By Maggie Fox
Want to save health care dollars? Give vitamins to the elderly, a study published on Thursday suggests.
The study, done on behalf of the U.S. Centers for Medicare and Medicaid Services and Wyeth Consumer Health by health care consultant The Lewin Group, finds that vitamins could improve overall health, making elderly people less likely to need drugs or hospital care.
"The Lewin Group study found that daily use of a multivitamin by older adults is a relatively inexpensive yet potentially powerful way to improve one's health," Lewin said in the report.
As people age, and especially after age 65, the immune system generally weakens, leaving them vulnerable to infections.
"The five-year estimate of potential savings (or cost offsets) resulting from improved immune functioning and a reduction in the relative risk of coronary artery disease through providing older adults with a daily multivitamin is approximately $1.6 billion," the report concludes.
"The five-year estimated cost offset associated with avoidable hospitalization for heart attacks is approximately $2.4 billion," it adds.
Over five years, the report concludes, it would cost $2.3 billion to provide a daily multivitamin to older adults in the United States. Tom Scully, Commissioner of the Center for Medicare and Medicaid Services at the Health and Human Services Department, was scheduled to comment on the report later on Thursday.
The study was launched with the aim of finding an inexpensive way to save money in health care.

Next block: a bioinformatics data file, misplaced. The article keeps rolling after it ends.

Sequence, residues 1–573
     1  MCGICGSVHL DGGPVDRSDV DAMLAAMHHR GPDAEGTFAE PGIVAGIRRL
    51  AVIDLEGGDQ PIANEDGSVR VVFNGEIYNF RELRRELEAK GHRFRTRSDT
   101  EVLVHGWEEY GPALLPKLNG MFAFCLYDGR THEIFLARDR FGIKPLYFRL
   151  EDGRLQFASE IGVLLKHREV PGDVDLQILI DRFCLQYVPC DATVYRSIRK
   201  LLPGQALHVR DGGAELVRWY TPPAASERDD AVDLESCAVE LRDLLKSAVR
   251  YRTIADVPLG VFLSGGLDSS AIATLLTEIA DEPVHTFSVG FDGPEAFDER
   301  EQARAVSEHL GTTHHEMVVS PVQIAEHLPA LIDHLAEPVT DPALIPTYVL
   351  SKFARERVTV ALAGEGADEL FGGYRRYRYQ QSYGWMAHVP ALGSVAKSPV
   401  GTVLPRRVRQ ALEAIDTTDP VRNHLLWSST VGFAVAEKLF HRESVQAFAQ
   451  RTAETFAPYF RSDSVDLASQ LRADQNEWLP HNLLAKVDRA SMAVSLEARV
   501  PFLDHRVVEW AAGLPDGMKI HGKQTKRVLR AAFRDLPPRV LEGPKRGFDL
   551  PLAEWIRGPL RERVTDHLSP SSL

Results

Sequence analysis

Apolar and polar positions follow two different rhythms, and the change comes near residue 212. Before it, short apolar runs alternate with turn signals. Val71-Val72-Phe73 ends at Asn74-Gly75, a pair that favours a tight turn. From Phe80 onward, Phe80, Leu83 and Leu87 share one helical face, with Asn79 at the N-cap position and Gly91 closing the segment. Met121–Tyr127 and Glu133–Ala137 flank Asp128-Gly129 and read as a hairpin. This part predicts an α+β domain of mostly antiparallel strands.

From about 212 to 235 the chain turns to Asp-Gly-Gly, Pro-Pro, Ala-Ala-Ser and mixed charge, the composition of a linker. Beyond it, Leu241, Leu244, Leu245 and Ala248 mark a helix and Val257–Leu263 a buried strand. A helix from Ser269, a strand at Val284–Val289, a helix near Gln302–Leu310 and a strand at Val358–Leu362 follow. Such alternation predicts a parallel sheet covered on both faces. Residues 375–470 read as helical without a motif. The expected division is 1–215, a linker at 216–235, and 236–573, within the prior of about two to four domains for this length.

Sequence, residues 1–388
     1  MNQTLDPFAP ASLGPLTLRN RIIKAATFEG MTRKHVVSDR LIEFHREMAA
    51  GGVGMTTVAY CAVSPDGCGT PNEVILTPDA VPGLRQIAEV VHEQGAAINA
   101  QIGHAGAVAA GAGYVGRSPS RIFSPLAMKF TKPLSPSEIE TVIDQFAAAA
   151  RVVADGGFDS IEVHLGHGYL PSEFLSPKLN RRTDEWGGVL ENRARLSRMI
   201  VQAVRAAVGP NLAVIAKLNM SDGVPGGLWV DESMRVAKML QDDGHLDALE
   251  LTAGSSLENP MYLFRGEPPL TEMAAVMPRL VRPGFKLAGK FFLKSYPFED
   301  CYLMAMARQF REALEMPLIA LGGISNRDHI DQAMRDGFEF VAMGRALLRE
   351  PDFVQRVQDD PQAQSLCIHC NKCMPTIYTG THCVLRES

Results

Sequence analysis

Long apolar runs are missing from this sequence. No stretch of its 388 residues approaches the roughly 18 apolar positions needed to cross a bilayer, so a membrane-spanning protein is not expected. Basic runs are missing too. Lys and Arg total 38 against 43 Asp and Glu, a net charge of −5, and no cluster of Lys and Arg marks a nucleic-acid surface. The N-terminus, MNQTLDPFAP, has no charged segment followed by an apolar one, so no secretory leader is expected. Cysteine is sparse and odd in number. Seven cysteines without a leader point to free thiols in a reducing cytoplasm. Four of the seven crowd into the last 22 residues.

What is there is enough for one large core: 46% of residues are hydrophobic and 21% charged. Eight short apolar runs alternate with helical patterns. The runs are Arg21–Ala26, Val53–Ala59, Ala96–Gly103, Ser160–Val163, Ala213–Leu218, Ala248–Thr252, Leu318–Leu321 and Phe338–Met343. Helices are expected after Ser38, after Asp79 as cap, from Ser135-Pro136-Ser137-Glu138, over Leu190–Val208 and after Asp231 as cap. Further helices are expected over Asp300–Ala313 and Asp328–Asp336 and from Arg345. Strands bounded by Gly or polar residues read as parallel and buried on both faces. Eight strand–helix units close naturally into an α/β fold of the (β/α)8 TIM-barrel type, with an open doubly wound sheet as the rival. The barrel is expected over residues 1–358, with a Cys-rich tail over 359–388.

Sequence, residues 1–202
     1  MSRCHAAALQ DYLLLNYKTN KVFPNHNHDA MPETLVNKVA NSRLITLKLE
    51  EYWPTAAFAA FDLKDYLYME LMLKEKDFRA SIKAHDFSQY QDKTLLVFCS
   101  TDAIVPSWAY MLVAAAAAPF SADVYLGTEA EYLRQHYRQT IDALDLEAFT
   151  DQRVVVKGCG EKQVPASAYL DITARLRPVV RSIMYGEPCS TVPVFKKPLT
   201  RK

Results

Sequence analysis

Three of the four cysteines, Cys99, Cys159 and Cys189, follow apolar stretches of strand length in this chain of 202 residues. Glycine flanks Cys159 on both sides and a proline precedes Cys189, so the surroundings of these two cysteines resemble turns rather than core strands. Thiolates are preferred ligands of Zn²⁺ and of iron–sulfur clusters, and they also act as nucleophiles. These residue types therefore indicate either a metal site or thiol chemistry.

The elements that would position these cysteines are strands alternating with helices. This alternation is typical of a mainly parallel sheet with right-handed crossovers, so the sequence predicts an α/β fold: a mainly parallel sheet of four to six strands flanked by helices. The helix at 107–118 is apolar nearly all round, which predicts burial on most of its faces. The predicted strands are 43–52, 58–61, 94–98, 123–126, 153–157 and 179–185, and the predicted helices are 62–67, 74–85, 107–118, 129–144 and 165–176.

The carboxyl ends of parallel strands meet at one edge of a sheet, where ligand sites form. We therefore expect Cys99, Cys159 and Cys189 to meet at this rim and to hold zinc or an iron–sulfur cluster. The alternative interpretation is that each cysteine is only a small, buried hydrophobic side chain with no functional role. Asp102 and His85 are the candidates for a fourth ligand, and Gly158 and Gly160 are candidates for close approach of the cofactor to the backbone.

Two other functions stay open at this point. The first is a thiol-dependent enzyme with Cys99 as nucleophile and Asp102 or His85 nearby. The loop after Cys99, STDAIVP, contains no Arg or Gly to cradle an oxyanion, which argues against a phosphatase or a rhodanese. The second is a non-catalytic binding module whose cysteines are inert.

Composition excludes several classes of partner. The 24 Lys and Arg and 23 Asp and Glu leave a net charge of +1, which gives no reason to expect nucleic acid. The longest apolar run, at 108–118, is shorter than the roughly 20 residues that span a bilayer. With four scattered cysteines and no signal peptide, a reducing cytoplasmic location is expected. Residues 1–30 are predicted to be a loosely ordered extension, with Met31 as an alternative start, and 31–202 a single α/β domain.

"Current sentiment among policymakers in health care favors prevention, making this study an important contribution to the discussion in multiple public arenas," the report said.
"Evidence from numerous sources indicates that a significant number of older adults fail to get the amounts and types of food necessary to meet essential energy and nutrient needs."
The group looked at a range of studies and reports to make its own findings. It studied the effects of taking vitamins on five diseases – coronary artery disease, diabetes, osteoporosis, prostate cancer, and colorectal cancer.
"Additionally we examined literature concerning the effects of multivitamins on immune functioning in older adults and the potential health care savings that might result from avoiding the costly hospitalizations, nursing home stays, and home health services associated with pneumonia, cellulitis (a skin infection), kidney and urinary tract infections, and septicemia (a blood infection)," the report stated.
For instance, one 1998 study involving 80,000 nurses found a 24-percent reduction in the risk of heart attacks among women who took daily multivitamins.